My question to the Washington Post editorial board is why should print readers be asked by a music critic to “pray” for more funding for the Ring (which has now been mounted at the Kennedy Center both by the German State Opera in 1990 and by the Washington National Opera –with some creativity and imagination used by the WNO to present the third music drama in the cycle) when the company is not keeping its promise to Congress and the American people to be their National Opera company.

The San Francisco Opera has special funders just for new American operas, which has allowed it to stage three world premieres of American operas over the past three years (none of which have yet been reprised by the WNO). If the WNO is looking for new funding – and to meet its responsibilities to Congress and to the American people – then I believe that it should be looking to new patrons and to the National Endowments for the Arts and Humanities for funding to meet the National Company’s core mission – which is definitely not staging Wagner Ring cycles every decade.

Furthermore, given Ms Midgette’s recent dismissal of all Western opera from 1600 to 1750, I hope that the Washington Post editorial board will consider calling upon the Washington National Opera to stage mini-festivals of operas by Monteverdi, Purcell, Handel, and Gluck – as well as mini-festivals (extending into June) of operas by Mozart, Verdi, the 20th century opera masters, and American operas. The WNO might consider staging seasons of two operas by Monteverdi, Purcell, Handel, and Gluck; and seasons of three operas of Mozart, Verdi, the 20th century opera masters, and American operas.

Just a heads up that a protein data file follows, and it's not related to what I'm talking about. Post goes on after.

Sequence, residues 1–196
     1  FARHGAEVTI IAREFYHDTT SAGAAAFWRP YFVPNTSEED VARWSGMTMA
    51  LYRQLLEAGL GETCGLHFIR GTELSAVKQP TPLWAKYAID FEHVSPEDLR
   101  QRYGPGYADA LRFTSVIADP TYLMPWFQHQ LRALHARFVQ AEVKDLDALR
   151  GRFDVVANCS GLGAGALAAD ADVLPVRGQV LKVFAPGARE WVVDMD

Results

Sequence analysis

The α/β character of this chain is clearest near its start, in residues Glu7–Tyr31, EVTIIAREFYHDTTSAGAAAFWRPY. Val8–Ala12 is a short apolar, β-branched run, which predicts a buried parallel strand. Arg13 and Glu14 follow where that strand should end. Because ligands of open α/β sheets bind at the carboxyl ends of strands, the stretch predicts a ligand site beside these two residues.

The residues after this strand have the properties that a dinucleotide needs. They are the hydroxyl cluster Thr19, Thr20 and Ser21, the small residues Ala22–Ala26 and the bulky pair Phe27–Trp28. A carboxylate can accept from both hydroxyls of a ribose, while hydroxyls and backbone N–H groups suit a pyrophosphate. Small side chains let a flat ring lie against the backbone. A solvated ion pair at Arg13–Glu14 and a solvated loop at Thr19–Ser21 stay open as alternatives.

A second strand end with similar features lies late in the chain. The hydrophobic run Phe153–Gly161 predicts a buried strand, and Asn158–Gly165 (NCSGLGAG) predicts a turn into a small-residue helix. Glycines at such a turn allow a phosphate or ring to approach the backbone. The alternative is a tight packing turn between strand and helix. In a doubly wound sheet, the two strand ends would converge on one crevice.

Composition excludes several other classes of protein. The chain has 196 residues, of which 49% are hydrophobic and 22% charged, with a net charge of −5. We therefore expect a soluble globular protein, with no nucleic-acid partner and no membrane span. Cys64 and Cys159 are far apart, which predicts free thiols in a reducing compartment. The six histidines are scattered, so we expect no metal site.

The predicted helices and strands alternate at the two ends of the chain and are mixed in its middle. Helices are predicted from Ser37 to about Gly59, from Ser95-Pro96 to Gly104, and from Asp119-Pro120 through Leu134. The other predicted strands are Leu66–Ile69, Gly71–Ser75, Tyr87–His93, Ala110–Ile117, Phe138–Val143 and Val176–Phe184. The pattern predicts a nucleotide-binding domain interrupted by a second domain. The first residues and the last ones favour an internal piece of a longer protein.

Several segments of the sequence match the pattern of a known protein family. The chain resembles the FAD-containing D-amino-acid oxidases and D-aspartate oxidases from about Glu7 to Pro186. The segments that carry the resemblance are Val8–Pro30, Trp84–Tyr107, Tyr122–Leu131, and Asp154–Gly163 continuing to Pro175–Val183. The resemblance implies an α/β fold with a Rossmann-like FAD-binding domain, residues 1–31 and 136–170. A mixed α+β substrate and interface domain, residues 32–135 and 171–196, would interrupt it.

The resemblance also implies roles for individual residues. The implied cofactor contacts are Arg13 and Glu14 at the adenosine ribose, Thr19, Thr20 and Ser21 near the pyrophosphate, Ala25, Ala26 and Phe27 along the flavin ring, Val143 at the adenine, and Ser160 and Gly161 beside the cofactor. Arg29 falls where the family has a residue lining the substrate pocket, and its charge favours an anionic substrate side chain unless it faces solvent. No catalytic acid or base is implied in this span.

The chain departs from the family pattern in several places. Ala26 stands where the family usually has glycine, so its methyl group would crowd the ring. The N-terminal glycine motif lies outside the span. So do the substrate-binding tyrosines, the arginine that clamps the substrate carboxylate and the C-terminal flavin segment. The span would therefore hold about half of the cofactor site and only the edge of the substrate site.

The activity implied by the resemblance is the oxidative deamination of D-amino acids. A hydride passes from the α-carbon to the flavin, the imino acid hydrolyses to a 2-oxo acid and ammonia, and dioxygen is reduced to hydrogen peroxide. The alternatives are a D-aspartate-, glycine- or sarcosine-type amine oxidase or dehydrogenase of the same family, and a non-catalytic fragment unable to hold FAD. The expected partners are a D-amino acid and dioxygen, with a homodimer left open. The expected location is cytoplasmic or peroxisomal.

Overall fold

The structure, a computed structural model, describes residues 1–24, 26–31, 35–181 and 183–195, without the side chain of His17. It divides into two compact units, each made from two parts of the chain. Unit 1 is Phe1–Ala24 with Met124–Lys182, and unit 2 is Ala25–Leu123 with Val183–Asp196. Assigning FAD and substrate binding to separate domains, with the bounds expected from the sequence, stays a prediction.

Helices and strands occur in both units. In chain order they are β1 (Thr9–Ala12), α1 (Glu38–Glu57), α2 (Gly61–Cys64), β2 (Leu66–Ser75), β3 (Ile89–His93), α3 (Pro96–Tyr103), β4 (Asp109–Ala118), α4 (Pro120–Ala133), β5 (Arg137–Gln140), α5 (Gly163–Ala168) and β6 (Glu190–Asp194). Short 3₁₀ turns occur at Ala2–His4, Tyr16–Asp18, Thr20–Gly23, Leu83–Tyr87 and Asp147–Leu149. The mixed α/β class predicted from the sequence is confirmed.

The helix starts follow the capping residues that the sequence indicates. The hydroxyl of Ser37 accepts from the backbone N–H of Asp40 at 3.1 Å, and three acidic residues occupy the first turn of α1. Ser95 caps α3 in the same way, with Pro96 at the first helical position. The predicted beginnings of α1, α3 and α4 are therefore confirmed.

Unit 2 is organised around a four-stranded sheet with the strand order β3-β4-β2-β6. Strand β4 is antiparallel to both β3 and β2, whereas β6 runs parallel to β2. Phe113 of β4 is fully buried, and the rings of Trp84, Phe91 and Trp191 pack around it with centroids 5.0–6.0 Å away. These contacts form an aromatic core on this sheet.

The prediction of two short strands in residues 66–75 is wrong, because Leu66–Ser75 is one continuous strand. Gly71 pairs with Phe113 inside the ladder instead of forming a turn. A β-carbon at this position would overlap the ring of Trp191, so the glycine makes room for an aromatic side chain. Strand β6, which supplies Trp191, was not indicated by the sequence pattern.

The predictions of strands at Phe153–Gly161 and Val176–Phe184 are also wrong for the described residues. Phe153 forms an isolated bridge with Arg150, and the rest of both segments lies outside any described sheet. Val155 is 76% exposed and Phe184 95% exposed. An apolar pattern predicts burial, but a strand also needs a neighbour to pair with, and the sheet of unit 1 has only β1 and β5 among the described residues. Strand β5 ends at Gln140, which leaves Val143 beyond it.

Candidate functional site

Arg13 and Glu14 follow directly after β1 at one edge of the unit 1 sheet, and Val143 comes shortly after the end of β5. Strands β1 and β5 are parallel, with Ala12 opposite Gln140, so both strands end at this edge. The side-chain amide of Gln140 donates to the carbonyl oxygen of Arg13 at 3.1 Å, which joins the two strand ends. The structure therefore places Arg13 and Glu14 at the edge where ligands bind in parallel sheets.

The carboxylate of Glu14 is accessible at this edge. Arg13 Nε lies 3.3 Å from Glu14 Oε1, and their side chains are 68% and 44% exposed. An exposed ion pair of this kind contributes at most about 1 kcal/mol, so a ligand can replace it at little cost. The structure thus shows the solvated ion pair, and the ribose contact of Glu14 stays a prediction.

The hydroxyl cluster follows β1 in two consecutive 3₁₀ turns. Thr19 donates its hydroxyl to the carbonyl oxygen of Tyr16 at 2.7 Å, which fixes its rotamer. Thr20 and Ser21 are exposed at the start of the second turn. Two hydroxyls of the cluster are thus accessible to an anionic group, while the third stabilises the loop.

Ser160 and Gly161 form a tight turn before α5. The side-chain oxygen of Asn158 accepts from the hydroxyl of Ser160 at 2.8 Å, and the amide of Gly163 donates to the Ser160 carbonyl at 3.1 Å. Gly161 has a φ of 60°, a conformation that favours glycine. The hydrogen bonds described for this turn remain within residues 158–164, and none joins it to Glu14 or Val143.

I trust that the editorial board of the Washington Post would have been as concerned about anti-Semitism as am I, if –in fact -- that had been the subject of my comment yesterday to the Washington Post classical music forum.

Posted by: snaketime1 | November 10, 2009 9:40 AM | Report abuse

snaketime1-- You raise some interesting and valid points about what WNO should be focusing on. I'm sure that the administration of that company is asking themselves the very same questions.

Major point of clarification though: WNO's designation (HR 4542, sponsored by Senators John Warner and Ted Kennedy) at the "National Opera" was not contingent upon performing American works or funding. In fact, the two have nothing to do with each other and the designation was simply given in honor of WNO's solid national reputation (it had grown quite a bit through the 1990s and early millennium) and being in the nation's capital, similar to the National Zoo, the National Harbor, etc. WNO's brand is tied to American and English language opera, which they have performed most every season, but again, that has nothing to do with the Congressional designation.

It seems like you have a real problem with Anne Midgette and the Opera. It makes for a spirited discussion on this board, but you should really watch your facts.

Posted by: anony2 | November 10, 2009 12:36 PM | Report abuse

Now I'm really confused. You say:

"Tens of millions of Americans have lost their employment (and millions their homes) over the past few years, and over one hundred million persons world-wide have been forced back down into absolute poverty by the severe economic recession caused by business practices in the United States. The Washington Post will need to learn that the arts and Wagner are not above economics."

Rather than "tens of millions", approximately 7.2 million jobs have been lost since December 2007 (AP, 10/19/09).